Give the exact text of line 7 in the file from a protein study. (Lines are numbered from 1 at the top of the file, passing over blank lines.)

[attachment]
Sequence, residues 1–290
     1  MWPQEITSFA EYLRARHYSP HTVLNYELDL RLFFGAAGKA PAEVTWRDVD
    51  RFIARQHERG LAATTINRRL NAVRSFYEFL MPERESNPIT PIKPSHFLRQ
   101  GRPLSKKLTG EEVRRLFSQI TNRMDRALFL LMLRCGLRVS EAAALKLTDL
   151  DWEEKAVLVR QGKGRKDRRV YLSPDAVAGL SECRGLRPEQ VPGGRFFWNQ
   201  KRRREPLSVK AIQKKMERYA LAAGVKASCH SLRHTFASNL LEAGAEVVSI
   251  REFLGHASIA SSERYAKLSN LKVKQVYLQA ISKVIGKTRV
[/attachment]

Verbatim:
   251  REFLGHASIA SSERYAKLSN LKVKQVYLQA ISKVIGKTRV